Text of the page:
Here is the directory:ls /lib/udev/rules.d
    40-alsa.rules 61-persistent-storage-edd.rules
    40-hplip.rules 62-bluez-hid2hci.rules
    40-ia64.rules 64-device-mapper.rules
    40-infiniband.rules 65-dmsetup.rules
    40-isdn.rules 75-cd-aliases-generator.rules
    40-libpisock9.rules 75-persistent-net-generator.rules
    40-pilot-links.rules 77-nm-probe-modem-capabilities.rules
    40-ppc.rules 79-fstab_import.rules
    40-xserver-xorg-input-wacom.rules 80-drivers.rules
    40-zaptel.rules 85-alsa-utils.rules
    45-fuse.rules 85-brltty.rules
    45-libmtp8.rules 85-hdparm.rules
    50-firmware.rules 85-hplj10xx.rules
    50-udev-default.rules 85-hwclock.rules
    60-cdrom_id.rules 85-ifupdown.rules
    60-persistent-input.rules 85-pcmcia.rules
    60-persistent-serial.rules 85-regulatory.rules
    60-persistent-storage.rules 90-hal.rules
    60-persistent-storage-tape.rules 95-udev-late.rules
    60-persistent-v4l.rules README

    Reply
    1. Robby Chen (Post author)

      According to my libsane.rules file, it is created by sane-backends. This file will not be automatically generated if libsane is not installed on the system. Below is the beginning lines for the file for your reference:

      # This file was automatically created based on description files (*.desc)
      # by sane-desc 3.5 from sane-backends 1.0.20 on Thu Apr 15 07:24:47 2010
      #
      # udev rules file for supported USB devices

      I don’t own an wireless scanner so I can’t guarantee it will work since it is for the USB scanners.

      Good luck!

      Reply
  2. Robert

    My Ubuntu version is 9.04. I recently purchased a HP 4500 wireless all in one printer and I was successful in getting the printer, fax and copy portion of it to work. But when I open x-sane it does not find my scanner and after searching for answers your post seem the closest..

    Reply
  3. Antonio Fiorentino

    Robby
    I purchased an MFC-7840W Brother and run into the same problem with the scanner. I guess we need to be patient. Congratulations on the excellent job you do. I think you will have a bright future here in the US or anywhere. I have seen video of Shanghai and it is simply amazing what the Chinese people are building. It won’t be long before China achieves primacy on this planet – well deserved by the hard work of its peoples.

    Antonio Fiorentino

    Reply
  4. Ludovic

    On Maverick, the syntax has changed slightly. I wrote this for my DCP 7025:

    # Brother DCP
    ATTRS{idVendor}==”04f9″, ATTRS{idProduct}==”0184″, ENV{libsane_matched}=”yes”

    Reply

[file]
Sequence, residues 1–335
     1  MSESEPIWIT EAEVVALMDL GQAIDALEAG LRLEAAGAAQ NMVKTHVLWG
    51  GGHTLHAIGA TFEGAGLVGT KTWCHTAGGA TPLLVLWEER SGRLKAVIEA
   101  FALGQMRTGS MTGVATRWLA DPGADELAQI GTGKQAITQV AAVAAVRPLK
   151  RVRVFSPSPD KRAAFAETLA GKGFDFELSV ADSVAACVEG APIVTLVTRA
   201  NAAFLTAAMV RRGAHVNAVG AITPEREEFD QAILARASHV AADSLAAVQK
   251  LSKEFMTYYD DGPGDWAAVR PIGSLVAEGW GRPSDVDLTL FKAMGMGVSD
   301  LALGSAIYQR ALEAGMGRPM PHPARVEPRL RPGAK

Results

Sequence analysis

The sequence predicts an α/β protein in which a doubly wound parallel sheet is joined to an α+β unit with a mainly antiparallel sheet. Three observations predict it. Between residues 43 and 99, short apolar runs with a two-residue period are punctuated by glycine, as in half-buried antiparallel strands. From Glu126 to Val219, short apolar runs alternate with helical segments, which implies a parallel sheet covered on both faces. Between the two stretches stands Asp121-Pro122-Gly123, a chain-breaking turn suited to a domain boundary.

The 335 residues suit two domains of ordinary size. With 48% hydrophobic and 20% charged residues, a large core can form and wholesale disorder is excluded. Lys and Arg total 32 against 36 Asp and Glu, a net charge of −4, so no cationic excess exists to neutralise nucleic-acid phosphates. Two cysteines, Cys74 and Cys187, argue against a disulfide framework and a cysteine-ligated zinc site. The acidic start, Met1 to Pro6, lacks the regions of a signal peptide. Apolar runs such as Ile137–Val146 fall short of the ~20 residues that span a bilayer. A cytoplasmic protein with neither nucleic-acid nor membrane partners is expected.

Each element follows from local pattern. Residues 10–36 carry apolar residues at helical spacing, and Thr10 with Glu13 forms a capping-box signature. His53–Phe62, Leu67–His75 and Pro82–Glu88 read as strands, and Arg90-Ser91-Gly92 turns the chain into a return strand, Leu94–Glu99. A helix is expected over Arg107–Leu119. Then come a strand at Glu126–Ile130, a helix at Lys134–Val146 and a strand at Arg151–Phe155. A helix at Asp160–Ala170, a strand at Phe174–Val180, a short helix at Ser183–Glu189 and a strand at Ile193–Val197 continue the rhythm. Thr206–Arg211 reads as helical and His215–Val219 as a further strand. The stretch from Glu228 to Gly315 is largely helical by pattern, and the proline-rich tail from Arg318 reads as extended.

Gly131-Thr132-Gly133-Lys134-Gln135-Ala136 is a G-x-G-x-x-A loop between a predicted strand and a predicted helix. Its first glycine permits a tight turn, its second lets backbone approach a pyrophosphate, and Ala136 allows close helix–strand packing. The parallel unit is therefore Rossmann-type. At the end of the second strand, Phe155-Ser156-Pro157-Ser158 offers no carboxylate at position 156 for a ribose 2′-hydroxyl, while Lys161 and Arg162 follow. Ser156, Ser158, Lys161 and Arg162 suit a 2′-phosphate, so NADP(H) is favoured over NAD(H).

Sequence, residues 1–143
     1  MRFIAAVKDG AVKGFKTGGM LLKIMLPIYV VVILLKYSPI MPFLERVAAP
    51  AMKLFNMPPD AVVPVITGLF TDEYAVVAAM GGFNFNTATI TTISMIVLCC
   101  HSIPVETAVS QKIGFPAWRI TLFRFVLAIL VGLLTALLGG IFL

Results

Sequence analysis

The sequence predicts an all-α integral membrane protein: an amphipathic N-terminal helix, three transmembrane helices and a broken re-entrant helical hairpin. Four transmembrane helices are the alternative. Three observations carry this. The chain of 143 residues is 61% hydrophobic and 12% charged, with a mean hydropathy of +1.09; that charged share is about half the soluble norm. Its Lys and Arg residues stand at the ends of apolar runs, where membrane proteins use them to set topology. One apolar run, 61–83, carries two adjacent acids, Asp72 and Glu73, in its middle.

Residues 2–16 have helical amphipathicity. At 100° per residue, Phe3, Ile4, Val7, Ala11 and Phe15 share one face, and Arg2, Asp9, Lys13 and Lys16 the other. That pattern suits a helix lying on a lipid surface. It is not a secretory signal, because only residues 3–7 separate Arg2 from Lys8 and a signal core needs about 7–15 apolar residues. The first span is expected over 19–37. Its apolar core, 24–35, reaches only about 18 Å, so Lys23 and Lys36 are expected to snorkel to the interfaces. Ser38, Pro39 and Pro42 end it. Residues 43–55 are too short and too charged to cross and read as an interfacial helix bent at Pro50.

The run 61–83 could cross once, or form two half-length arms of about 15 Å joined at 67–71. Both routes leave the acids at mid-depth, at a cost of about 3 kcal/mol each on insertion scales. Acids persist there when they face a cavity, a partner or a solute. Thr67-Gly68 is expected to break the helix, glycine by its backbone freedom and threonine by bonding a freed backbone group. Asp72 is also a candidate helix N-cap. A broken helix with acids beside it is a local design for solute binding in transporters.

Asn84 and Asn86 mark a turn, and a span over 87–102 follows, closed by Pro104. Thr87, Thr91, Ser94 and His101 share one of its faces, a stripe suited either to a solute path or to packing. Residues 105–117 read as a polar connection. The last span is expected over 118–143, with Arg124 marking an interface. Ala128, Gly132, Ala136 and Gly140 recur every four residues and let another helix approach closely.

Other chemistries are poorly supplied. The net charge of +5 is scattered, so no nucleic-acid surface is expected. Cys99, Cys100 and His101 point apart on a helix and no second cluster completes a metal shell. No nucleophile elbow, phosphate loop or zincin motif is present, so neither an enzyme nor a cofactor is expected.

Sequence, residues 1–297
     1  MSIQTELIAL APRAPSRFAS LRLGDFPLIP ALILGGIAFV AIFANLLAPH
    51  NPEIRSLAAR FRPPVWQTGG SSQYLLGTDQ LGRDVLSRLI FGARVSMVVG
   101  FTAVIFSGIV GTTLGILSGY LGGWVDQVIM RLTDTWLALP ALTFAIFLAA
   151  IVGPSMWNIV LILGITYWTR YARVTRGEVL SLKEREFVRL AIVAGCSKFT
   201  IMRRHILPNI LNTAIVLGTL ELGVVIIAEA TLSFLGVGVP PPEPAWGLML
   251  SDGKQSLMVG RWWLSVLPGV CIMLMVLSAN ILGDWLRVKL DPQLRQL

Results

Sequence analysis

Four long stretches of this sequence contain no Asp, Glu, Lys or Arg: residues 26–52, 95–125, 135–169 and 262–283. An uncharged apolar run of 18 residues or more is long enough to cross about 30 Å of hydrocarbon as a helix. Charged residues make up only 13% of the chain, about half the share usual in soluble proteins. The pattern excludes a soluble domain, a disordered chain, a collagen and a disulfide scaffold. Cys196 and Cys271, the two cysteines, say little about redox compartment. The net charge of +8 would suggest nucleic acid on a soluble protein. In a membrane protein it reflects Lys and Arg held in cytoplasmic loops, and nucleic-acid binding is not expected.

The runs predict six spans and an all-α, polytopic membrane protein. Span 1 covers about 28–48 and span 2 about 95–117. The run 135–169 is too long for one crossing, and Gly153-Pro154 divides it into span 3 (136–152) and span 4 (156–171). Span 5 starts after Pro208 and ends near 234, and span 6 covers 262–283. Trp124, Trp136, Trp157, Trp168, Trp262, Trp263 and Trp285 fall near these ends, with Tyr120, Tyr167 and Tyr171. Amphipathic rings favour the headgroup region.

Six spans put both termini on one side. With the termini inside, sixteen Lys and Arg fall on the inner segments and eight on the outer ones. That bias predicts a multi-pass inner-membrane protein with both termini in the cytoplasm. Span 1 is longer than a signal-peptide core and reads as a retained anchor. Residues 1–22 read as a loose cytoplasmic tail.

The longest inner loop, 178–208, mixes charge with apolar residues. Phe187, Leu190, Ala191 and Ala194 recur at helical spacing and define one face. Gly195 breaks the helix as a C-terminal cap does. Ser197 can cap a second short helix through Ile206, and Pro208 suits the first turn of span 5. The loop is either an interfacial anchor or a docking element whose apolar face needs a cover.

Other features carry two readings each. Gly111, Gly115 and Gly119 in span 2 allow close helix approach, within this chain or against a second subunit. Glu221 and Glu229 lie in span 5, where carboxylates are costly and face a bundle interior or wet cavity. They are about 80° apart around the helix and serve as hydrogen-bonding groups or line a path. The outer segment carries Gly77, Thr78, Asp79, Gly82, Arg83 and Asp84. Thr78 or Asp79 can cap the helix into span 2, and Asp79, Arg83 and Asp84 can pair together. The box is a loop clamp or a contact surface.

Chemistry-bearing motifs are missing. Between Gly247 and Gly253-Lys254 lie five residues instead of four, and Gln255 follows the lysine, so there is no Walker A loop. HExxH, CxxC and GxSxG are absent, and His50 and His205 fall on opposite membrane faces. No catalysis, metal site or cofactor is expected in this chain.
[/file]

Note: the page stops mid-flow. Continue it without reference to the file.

5. Mold Removal

    I wanted to thank you for this interesting I definitely loved every little bit of it.

    Reply
  6. Don1

    Thanks Heaps Robby
    worked for me ubuntu 10.10 brother mfc-5440cn
    # Brother scanners
    ATTRS{idVendor}==”04f9″, ATTRS{idProduct}==”016d”, ENV{libsane_matched}=”yes”

    Reply
  7. Roy

    You da man

    Reply
  8. Ljfurlong

    “I then tried to run it through the root account and the program detected the scanner without problem.”

    I am a newbie with an MFC-7420 and 10.10 (soon 11.04). I have no idea how to achieve what you did in the quote above. How do I run Xsane through the root account?

    As for the rest of it, I’m gonna give it a whirl now.

    Reply
    1. Robby

      Hi, each command you want to run as the root account needs to add “sudo” in front of the command. For example, in the terminal, type “sudo xsane” to run xsane as root. If you have any question, don’t be afraid to ask me by replying this comment.

      Reply
  9. Ljfurlong

    I’m back. I found the libsane.rules file, but the gedit command results in a read-only environment, while the Vim command results in a flash of a warning in angry red letters. Any thoughts?

    Reply
    1. Robby

      Hi, files which are outside of your home directory needs to be edited as root. As I stated above, in order to edit these files as root, you need to add “sudo” in front of the command you want to execute. For example, if you want to edit the file using gedit, you type “sudo gedit libsane.rules”, press enter, and enter the password for your account. After that, you can edit the file and save it. The vim method is the same except you replace gedit with vim, “sudo vim libsane.rules”. By the way, vi and vim are the same command in Ubuntu. If you have any questions, please reply this comment.

      Reply
      1. Ljfurlong

        Hi, Mr. Chen. Everything is working fine now. Thanks for reminding me of the importance of “sudo”. You’ve been very helpful.

        Reply